In the 1970s when Mr. Harsh Mariwala started, he inherited the edible oil business which was mainly B2B from BOIL. The products used to be sold in Tins, barrels, etc. A shift was done From unbranded to branded through consumer-friendly marketing.
Harsh Mariwala spent the next 15 years creating and popularizing consumer brands for the company’s key commodity of coconut and edible oils, learning what he could from consultants on everything from hiring to distribution.
He worked in the consumer products division—which included coconut oil (Parachute) and edible oil (Saffola)—of the various businesses under Bombay Oil Industries Limited (BOIL) which was the family business.
When he joined BOIL, both the brands were doing reasonably well but remained business-to-business (B2B). Mariwala wanted to switch to a higher-margin, business-to-consumer (B2C) model.
He started with small steps such as switching packaging from bulky tin cans of 15 liters to smaller packs of 100 milliliters. He followed this up by seeking professional help in four critical areas:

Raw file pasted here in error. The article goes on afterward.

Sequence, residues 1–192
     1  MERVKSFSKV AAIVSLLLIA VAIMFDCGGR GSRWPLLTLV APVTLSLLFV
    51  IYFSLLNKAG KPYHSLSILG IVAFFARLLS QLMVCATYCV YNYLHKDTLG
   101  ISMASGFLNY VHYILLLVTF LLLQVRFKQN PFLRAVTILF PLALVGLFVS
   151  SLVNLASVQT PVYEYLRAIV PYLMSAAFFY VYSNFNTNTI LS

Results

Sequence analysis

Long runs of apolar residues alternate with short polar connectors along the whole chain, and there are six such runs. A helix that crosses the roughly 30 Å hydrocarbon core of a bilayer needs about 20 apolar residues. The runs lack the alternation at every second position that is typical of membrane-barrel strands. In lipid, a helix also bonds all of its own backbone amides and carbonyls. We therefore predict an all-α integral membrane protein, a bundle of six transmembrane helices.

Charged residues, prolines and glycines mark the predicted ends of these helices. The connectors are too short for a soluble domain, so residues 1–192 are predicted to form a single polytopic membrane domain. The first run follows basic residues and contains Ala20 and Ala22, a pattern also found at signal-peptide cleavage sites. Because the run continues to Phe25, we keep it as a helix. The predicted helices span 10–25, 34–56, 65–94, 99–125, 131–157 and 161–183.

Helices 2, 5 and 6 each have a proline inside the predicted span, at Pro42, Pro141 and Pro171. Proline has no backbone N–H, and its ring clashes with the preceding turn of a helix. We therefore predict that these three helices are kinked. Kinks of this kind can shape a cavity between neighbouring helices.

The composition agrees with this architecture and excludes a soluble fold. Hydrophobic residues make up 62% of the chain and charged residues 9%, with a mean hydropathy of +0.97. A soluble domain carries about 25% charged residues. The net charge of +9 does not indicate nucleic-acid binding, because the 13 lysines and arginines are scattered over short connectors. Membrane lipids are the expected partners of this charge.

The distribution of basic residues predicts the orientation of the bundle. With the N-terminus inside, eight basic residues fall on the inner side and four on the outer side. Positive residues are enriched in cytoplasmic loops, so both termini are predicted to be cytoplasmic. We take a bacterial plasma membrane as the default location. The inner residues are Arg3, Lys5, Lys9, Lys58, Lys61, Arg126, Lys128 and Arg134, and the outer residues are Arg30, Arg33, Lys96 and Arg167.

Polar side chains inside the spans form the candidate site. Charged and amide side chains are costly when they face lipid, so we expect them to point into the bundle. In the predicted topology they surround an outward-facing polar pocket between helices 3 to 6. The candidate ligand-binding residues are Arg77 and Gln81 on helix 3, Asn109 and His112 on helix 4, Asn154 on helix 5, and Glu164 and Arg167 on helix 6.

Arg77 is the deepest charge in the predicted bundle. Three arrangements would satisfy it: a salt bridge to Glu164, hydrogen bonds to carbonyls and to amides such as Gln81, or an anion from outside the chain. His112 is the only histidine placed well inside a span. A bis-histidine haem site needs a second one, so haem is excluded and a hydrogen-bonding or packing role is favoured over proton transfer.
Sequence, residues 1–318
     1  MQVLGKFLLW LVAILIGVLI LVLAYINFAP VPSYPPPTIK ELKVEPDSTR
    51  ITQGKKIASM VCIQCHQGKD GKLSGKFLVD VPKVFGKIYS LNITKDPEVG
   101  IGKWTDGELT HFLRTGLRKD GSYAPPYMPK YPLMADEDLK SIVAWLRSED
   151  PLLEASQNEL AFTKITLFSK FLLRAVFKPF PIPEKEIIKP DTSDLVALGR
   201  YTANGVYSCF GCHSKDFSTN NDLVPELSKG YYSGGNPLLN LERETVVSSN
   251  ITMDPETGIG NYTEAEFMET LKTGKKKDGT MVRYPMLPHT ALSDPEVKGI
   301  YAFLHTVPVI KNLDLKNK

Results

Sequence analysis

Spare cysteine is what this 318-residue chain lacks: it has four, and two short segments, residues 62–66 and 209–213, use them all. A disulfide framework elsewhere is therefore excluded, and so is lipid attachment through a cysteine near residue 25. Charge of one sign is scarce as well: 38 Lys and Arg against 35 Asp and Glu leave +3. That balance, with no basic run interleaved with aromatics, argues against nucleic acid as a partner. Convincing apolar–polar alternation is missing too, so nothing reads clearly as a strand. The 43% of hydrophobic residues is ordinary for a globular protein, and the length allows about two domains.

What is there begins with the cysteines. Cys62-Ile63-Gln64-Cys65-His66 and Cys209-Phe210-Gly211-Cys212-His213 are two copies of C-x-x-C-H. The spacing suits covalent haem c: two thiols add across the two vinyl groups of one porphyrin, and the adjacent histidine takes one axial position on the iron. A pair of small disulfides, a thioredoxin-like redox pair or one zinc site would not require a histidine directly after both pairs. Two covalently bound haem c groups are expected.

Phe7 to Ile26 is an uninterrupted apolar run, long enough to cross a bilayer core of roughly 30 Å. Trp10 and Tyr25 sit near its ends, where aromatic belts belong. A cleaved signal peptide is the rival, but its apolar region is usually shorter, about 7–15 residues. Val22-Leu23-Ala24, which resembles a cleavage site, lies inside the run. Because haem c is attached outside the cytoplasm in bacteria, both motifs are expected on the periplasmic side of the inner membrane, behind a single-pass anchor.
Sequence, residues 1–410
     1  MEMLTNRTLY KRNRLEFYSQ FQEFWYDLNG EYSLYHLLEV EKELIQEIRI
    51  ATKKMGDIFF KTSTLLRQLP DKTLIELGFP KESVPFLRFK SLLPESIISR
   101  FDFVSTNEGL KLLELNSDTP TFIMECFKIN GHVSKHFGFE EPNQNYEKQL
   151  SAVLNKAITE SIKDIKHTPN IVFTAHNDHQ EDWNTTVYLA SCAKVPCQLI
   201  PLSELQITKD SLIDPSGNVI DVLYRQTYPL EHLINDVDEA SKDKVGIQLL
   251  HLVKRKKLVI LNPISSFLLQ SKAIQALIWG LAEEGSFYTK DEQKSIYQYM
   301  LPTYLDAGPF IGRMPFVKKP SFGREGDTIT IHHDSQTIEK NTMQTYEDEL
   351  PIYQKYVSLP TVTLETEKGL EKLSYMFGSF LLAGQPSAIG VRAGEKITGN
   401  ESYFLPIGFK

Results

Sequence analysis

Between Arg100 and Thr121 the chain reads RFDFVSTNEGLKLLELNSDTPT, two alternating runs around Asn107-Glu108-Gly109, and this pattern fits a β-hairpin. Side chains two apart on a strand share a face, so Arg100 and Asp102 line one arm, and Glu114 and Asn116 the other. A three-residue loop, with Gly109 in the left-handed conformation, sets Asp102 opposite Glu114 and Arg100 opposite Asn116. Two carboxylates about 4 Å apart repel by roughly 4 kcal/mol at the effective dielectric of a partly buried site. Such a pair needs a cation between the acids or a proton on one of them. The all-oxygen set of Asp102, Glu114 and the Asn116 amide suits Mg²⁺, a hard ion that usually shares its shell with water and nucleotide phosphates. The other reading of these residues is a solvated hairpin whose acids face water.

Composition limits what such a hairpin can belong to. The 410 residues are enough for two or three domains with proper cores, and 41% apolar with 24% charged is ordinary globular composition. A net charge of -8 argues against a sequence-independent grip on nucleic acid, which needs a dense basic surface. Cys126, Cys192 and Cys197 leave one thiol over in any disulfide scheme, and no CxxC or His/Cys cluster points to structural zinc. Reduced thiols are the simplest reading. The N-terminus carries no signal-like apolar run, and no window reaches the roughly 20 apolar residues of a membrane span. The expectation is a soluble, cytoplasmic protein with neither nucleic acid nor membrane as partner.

– Advertising (hired Clarion Advertising agency for the Parachute advertising campaign)
– Marketing (sought advice from renowned professor Labdhi Bhandari of IIM-A)
– Human resources (sought advice from his friend Homi Mulla, HR head at Monsanto)
– Distribution (recruited Basutkar, a veteran from Hindustan Unilever).
Consulting professionals would become a defining trait for Mariwala and a founding principle for Marico.
He also eyed the burgeoning sunflower oil market which led to the launch of Sweekar in 1989. By 1991, Marico became the market leader in edible oils commanding about 14% cent market share. ITC came a close second with a market share of 12%.
By the late 1970s, Mariwala’s consumer products division had outgrown all the other businesses under BOIL.
Over 1975–90, while the consumer products division contributed over 80 per cent to the sales/profits for BOIL, less than 10 per cent of the total capital deployment of BOIL was directed towards this division (out of Rs 4.4 crore spent on plant and machinery by BOIL over 1975–90, only Rs 40 lakh was deployed towards the consumer products division).
Taken from Unusual Billionaires book.